Step 2: Wrap around the next empty peg in a counterclockwise direction. Bring the working yarn back towards the center of the knitting loom.

 

 

Repeat Steps 1-2 with each stitch. When the pegs are wrapped, knit by lifting the bottommost loop off the peg.

Loom knitters have different variations of the Twisted Knit Stitch.  There is also the double, the chunky, and the half stitch. They all involve wrapping the pegs in the same manner, except in the double you wrap the pegs one extra time, so each peg has 3 loops. In the Chunky stitch, you need 4 loops on each peg and in the half you need 4 loops but instead of lifting the bottommost loop, you knit by lifting the bottommost two loops.  The different variations provide the knitter with a tighter stitch.

The Purl Stitch

The purl stitch is achieved similarly to the knit stitch except instead of placing the working yarn above the loop on the peg, you place it below.

Step 1: Place the working yarn in front of the peg and below the loop on the peg.

Step 2: Insert knitting tool through the loop on the peg (from top down).

Step 3: Hook the working yarn with knitting tool. Bring knitting tool back up. Knitting tool has a loop on it.  Hold this loop securely.

Step 4: Take the original loop off the peg and place the newly formed loop on the peg. Tug on the working yarn gently to tighten the stitch.

 

Although loom knitters use the same stitches as needle knitters, loom knitters face a few barriers as there is a limited quantity of patterns available or for that matter, instructions.  We can translate a few patterns from needle knitting to loom knitting but most of the time we have problems matching gauge, or manipulating stitches to create fanciful designs.

However, adversity has not deterred the loom knitting community; we strive forth writing up instructions and taking needle knitting techniques and applying them to our knitting looms whenever possible.  A sea of undiscovered treasures lays ahead of us and we are ready with knitting looms and yarn at hand.

As a needle knitter, you may ask yourself why in the world you would ever trade your needles for a loom? If you come from a world of needles and pick up a loom, your first reaction would be that it is too slow-going and more cumbersome. At first, like every other hobby, it takes time and dedication to learn the craft, it is not something that you just sit down and half-an-hour later you have a finished sock.  Crafters of all ages have come to love loom knitting for very simple reasons:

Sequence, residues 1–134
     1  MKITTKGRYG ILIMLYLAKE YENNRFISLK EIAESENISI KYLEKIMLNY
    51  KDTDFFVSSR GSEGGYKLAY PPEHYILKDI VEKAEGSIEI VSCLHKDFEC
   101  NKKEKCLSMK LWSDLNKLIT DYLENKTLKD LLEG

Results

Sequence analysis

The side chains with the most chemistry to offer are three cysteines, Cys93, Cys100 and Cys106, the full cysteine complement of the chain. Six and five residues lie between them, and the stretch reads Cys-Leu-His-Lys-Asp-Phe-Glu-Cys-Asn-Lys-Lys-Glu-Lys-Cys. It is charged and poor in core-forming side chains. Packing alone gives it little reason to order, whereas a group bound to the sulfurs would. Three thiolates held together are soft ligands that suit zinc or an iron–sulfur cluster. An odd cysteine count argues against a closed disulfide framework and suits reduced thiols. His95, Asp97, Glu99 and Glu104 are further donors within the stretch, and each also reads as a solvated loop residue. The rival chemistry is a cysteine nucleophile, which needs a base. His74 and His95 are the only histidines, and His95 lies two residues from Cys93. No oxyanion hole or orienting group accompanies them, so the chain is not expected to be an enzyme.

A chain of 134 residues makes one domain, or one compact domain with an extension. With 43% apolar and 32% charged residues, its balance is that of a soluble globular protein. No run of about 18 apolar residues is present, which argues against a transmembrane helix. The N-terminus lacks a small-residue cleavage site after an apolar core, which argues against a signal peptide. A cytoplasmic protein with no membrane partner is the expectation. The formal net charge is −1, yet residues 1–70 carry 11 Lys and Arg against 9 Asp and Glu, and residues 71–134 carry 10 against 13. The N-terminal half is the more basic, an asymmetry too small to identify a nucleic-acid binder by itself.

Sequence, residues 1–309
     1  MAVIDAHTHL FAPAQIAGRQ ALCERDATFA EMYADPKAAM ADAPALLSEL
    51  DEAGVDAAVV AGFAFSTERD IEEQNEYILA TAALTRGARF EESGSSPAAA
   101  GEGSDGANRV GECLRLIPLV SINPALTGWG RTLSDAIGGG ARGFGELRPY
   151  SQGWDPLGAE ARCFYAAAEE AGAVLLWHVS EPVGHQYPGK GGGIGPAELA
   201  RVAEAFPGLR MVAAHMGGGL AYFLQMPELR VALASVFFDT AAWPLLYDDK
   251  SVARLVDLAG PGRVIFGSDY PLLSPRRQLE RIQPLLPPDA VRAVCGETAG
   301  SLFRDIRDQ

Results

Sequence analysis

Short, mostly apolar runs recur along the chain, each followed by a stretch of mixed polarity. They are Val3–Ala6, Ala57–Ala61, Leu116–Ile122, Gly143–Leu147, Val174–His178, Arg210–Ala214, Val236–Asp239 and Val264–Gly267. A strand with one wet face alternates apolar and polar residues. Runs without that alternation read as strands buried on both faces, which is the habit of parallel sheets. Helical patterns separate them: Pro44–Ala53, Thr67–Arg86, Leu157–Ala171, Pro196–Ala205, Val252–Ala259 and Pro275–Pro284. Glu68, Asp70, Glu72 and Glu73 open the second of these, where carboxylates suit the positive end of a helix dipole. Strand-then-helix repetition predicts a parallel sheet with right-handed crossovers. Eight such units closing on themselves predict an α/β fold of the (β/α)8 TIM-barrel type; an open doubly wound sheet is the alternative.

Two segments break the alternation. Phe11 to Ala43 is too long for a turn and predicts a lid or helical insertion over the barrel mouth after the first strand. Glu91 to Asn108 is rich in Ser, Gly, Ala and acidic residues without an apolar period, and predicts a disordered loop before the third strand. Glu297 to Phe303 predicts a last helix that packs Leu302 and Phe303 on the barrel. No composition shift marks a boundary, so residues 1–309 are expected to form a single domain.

• It is easier on the hands than working with two needles. The movements are not as repetitive and thus produce less wrist pain.
  • Hand coordination does not need to be so acute. Children can pick up a loom and with a couple of tries, they can be knitting away.
  • Older adults that have lost hand dexterity can continue crafting as a loom is easy to handle.
  • A new knitter will be able to clearly see how a knitted fabric is made up of interlocking loops.
  • Less prone to drop stitches or add stitches as you can visibly see when a peg has a missing loop or an extra loop.

To join us in our journey, here is a short list of knitting loom vendors sites, or next time you stop by your local craft store pick up a set and give them a whirl.

Authentic Knitting Board: www.knittingboard.com
Cindy Woods Crafts: www.cindwoodcrafts.com
Décor Accents Looms: www.decoraccentsinc.com
In the Attic: www.knittinglooms.com
The Knitting Loom Company: www.knittinglooms.bigstep.com

References: Mary Thomas’s Knittting Book

 

ABOUT THE AUTHOR

Isela loves her yarn. She keeps a drawer full of hand-dyed sock yarn which sometimes she just likes to take out and pet and admire the beautiful colors.

She maintains the Purling Sprite blog which she updates with loomy and knitting tidbits.